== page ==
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Trouble in Mind (Special Edition)

4.3 out of 5 stars 38 customer reviews

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Editorial Reviews

In the fictional and hypnotic Rain City, ex-cop Hawk (Kris Kristofferson) has just been released from prison after serving hard time for killing a man. Meanwhile, a young down-on-his-luck father, Coop (Keith Carradine), and his radiant, innocent wife, Georgia (Lori Singer), head toward the city with their new baby in search of a new life.

Littered with eccentric gangsters and thugs, Rain City serves as almost a side street to human evolution. At the center of it all is Wandas, a dive diner run by Hawks ex (Genevieve Bujold), where the characters lives will intersect, changing them forever.

Written and directed by Alan Rudolph, Trouble In Mind is set somewhere in the future and the past of countless classic film noirs, creating a completely realized neo-noir masterpiece. Feature has been newly restored from original film elements.

Special Features

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Product Details

  • Actors: Kris Kristofferson, Keith Carradine, Divine, Lori Singer, Genevieve Bujold
  • Directors: Alan Rudolph
  • Format: Multiple Formats, Color, NTSC, Special Edition
  • Language: English
  • Region: Region 1 (U.S. and Canada only. Read more about DVD formats.)
  • Aspect Ratio: 1.85:1
  • Number of discs: 1
  • Rated:
    R
    Restricted
  • Studio: Shout! Factory
  • DVD Release Date: December 14, 2010
  • Run Time: 108 minutes
  • Average Customer Review: 4.3 out of 5 stars  See all reviews (38 customer reviews)
  • ASIN: B0041SI7D4
  • Amazon Best Sellers Rank: #45,710 in Movies & TV (See Top 100 in Movies & TV)
  • Learn more about "Trouble in Mind (Special Edition)" on IMDb

Customer Reviews

Top Customer Reviews

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In my earlier review of another one of Alan Rudolph's movies, "The Moderns", I cited this film as being the ONLY movie to cover what life was like in the weird period in western pop history between 1975 and 1982. This was a period when David Bowie's bizarre influence permeated just about everything having to do with American and Western European night life and sexual rebellion. NOBODY sought to document this strange footnote in the 20th century timeline other than Rudolph, and he does an excellent job!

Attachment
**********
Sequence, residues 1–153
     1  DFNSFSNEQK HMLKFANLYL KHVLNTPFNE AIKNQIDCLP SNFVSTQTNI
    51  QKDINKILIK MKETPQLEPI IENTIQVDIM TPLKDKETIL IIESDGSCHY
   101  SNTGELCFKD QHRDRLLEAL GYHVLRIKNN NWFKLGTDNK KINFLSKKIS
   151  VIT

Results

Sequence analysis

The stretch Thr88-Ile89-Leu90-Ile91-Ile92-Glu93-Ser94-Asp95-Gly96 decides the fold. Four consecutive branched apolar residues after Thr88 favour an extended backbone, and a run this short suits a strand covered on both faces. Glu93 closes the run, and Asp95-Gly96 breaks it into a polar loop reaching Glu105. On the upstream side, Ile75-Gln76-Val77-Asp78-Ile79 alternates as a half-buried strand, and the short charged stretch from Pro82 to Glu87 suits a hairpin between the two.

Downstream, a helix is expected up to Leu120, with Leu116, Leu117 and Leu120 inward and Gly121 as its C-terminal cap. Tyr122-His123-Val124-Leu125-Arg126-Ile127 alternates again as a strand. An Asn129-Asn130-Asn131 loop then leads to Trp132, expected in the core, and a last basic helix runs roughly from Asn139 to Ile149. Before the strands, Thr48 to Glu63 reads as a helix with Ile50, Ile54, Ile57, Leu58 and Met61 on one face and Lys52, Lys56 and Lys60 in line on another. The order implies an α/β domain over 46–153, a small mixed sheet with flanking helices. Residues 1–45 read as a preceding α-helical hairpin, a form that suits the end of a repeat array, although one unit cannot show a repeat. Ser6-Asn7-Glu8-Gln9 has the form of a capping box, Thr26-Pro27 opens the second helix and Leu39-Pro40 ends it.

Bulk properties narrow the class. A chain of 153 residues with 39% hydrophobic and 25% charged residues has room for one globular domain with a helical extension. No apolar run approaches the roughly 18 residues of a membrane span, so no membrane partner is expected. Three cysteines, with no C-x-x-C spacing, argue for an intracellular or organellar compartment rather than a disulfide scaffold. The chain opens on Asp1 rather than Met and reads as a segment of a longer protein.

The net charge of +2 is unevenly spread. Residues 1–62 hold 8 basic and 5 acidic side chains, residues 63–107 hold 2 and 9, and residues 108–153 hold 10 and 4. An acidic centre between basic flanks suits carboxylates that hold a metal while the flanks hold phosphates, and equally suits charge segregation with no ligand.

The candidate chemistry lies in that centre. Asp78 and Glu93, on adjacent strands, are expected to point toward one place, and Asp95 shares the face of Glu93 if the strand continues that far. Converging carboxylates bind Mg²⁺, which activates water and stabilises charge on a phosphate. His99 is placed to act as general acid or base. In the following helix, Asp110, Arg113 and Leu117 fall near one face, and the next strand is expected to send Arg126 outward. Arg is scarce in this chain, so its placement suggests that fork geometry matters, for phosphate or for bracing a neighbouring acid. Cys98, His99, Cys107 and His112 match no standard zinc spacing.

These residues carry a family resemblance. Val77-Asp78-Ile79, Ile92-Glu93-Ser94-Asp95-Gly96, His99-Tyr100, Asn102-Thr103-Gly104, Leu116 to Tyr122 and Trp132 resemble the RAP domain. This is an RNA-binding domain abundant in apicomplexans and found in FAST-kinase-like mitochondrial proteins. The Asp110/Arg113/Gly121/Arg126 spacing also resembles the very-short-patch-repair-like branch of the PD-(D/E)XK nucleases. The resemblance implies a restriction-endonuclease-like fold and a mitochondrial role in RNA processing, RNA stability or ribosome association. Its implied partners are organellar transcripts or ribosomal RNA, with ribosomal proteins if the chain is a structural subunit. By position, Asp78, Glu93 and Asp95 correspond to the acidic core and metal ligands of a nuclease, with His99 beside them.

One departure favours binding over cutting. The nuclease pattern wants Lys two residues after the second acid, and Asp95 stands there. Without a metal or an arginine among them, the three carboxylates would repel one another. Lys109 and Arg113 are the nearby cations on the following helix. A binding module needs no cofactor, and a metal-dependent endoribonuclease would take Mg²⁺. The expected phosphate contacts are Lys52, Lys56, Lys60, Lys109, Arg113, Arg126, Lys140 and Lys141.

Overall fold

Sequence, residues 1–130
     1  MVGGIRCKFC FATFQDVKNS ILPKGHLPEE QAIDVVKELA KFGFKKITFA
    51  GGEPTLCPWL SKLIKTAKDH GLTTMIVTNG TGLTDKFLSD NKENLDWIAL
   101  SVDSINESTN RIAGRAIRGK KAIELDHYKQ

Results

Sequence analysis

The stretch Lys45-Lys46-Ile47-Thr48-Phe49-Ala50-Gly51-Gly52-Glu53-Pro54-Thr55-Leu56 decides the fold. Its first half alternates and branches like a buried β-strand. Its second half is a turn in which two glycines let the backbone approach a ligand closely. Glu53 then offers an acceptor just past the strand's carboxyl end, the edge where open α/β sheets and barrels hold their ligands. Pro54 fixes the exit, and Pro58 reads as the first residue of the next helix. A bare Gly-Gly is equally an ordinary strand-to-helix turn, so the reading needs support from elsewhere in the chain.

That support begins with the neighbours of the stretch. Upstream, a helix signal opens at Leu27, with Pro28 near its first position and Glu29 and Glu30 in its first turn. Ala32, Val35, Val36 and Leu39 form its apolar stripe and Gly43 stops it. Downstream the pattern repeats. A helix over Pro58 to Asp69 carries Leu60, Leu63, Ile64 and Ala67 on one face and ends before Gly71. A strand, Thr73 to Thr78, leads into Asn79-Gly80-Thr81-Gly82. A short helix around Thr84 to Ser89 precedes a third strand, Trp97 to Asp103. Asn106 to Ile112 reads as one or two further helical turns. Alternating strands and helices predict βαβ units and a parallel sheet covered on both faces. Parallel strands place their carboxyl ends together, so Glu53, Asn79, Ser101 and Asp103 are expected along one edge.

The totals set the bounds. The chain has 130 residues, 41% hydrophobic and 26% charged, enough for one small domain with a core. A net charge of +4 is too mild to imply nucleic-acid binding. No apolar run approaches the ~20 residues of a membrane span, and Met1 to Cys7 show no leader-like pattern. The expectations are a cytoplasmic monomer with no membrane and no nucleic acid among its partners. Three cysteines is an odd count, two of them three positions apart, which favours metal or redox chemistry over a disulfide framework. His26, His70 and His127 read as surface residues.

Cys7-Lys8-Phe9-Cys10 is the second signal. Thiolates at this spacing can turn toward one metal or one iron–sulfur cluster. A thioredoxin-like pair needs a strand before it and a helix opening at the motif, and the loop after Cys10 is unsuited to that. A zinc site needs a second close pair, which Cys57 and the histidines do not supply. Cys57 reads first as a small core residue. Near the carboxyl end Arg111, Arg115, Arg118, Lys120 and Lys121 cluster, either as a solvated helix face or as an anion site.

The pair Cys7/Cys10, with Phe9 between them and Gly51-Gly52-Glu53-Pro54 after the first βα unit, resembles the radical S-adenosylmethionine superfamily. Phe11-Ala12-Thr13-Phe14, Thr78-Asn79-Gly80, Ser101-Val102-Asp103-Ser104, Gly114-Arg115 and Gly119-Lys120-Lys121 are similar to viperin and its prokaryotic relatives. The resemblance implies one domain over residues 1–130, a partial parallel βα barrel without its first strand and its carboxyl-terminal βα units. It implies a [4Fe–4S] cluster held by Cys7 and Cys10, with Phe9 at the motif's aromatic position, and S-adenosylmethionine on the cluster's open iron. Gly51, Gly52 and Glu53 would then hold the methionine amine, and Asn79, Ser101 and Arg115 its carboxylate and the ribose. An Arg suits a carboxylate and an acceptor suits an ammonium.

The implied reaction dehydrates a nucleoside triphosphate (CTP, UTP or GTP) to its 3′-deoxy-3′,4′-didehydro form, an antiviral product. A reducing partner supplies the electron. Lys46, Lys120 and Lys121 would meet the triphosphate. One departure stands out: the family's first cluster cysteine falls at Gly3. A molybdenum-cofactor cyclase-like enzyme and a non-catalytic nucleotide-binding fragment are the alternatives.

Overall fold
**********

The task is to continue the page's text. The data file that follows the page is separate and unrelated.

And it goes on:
This is one of a trilogy of movies Rudolph directed when he was "hot", just after he had developed his own style, apart from Robert Altman, his mentor. "Choose Me" and "The Moderns" were the other two. (To appreciate the difference that eventually set the two apart, rent Rudolph's "Welcome To L.A", which could have EASILY been an Altman movie, and compare it to any one of these three.) Unfortunately, since these three movies, Rudolph hasn't done much that could be considered landmark, with the exception of "Mrs. Parker and The Vicious Circle". A damned shame, really.
The story centers around Kris Kristofferson, starring in one of his few really good movies, as a disgraced cop who gets paroled back into Seattle society after serving time for murdering a crime lord for harassing an old flame of his, Wanda, played by Genevieve Bujold, whom he reunites with after he gets out. Wanda owns a popular diner haunted by weirdos and hangers-on over which Kristofferson takes an apartment she offers to him out of gratitude. Into this mix comes Coop, played by Keith Carradine, a young married with the requisite financial problems all working class young marrieds face: New baby, new expenses, a wife to support....